Alexander: Unanimous Committee Passage of Bipartisan Agreement to Fix No Child Left Behind Shows Consensus on Urgent Need to Fix the Law and How to Fix It

Says “if senators were students in a classroom, none of us would expect to receive a passing grade for unfinished work—7 years is long enough to consider how to fix No Child Left Behind”

Posted on April 16, 2015

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 “The consensus that the committee found is the same that Senator Murray and I found. That consensus is this: Continue the law’s important measurements of academic progress of students but restore to states, school districts, classroom teachers and parents the responsibility for deciding what to do about improving student achievement.” – Lamar Alexander 

WASHINGTON, D.C., April 16 – Senate education committee chairman Lamar Alexander (R-Tenn.) today praised the work of the committee in acting on the bipartisan agreement to fix No Child Left Behind. After three days of amendment and debate, the committee voted unanimously to send the bill to the full Senate.  

Alexander said: “If senators were students in a classroom, none of us would expect to receive a passing grade for unfinished work. Seven years is long enough to consider how to fix No Child Left Behind. The committee considered 57 amendments, approved 29, and improved the bipartisan agreement Ranking Member Murray and I reached—but the consensus that the committee found is the same that Senator Murray and I found. That consensus is this: Continue the law’s important measurements of academic progress of students but restore to states, school districts, classroom teachers and parents the responsibility for deciding what to do about improving student achievement.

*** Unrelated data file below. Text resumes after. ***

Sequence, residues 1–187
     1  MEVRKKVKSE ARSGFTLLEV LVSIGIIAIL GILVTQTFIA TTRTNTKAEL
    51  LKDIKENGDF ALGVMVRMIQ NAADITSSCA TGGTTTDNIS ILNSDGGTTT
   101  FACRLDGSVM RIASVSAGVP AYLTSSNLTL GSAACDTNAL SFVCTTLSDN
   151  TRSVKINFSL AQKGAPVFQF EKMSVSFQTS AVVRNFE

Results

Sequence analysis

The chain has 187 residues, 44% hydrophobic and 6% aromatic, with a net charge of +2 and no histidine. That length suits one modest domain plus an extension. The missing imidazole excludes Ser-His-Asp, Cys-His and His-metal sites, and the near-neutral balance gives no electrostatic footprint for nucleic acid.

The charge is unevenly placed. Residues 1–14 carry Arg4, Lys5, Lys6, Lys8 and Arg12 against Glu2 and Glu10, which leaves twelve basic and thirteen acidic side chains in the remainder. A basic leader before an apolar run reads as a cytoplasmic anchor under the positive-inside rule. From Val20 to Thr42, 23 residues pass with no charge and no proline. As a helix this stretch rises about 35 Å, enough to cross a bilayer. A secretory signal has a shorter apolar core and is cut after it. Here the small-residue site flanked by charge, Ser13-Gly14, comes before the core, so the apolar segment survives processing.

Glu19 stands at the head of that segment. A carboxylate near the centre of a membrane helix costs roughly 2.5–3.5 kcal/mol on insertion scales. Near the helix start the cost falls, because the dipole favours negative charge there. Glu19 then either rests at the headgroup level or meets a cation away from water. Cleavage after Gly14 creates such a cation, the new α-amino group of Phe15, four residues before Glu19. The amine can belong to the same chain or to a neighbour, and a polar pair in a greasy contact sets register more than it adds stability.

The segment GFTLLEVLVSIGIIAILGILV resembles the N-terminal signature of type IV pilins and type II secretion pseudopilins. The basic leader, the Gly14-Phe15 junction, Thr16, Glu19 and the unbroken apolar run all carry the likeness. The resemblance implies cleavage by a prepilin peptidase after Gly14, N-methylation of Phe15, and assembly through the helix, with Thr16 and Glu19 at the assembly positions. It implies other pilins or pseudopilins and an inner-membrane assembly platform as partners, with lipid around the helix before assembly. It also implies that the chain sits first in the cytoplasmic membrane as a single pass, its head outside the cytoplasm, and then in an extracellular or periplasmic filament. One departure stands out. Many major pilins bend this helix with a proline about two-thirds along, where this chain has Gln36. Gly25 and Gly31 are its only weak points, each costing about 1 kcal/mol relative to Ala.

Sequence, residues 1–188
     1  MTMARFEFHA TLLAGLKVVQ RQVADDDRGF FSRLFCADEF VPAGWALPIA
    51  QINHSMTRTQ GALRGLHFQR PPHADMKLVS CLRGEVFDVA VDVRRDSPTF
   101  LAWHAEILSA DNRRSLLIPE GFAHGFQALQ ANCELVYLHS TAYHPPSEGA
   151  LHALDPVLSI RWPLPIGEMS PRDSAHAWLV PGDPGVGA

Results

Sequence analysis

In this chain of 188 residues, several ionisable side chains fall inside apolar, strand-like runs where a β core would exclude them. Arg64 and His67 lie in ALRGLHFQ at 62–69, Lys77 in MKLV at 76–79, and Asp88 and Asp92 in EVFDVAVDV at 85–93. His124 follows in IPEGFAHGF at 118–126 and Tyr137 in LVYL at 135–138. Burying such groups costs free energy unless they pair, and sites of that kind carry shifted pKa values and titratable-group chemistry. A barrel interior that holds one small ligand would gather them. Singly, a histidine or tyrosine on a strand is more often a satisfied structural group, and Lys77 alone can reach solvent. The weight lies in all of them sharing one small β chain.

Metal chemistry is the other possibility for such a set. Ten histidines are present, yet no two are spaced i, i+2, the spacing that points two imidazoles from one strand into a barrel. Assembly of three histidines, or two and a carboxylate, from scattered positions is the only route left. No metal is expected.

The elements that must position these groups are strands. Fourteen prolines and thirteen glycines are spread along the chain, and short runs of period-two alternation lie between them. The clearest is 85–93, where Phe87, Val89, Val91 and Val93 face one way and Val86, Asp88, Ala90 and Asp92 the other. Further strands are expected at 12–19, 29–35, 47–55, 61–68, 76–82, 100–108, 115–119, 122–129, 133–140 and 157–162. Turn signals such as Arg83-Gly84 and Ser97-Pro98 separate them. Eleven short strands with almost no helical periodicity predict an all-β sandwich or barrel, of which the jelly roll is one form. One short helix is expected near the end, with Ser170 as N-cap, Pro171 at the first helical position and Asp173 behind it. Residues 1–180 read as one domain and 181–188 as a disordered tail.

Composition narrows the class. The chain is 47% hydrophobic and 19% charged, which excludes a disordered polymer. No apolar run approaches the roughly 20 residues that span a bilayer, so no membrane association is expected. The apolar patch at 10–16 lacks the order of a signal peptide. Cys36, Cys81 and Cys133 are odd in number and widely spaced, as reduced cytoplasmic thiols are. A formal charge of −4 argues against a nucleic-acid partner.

“I thank Ranking Member Murray for her hard work and her commitment to getting a result, and I look forward to working with her as this moves to the Senate floor. Now the bill is ready to be taken up by the full Senate with the same opportunity for amendment, discussion, and debate.”

Last week Chairman Alexander and Ranking Member Patty Murray (D-Wash.) announced a bipartisan agreement on fixing “No Child Left Behind.” The senators’ legislative agreement, the Every Child Achieves Act of 2015, would reauthorize the Elementary and Secondary Education Act (ESEA), the chief law governing the federal role in K-12 education. The most recent reauthorization of ESEA was the “No Child Left Behind Act,” which was enacted in 2001 and expired in 2007.

Click here to read Senator Alexander’s opening statement at the start of Tuesday’s committee action on the agreement.   

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